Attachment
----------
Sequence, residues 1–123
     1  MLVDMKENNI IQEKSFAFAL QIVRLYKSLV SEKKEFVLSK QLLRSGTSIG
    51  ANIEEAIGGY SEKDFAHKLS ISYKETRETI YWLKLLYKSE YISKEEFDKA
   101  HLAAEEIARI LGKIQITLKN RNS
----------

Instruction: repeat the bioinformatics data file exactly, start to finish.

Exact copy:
Sequence, residues 1–123
     1  MLVDMKENNI IQEKSFAFAL QIVRLYKSLV SEKKEFVLSK QLLRSGTSIG
    51  ANIEEAIGGY SEKDFAHKLS ISYKETRETI YWLKLLYKSE YISKEEFDKA
   101  HLAAEEIARI LGKIQITLKN RNS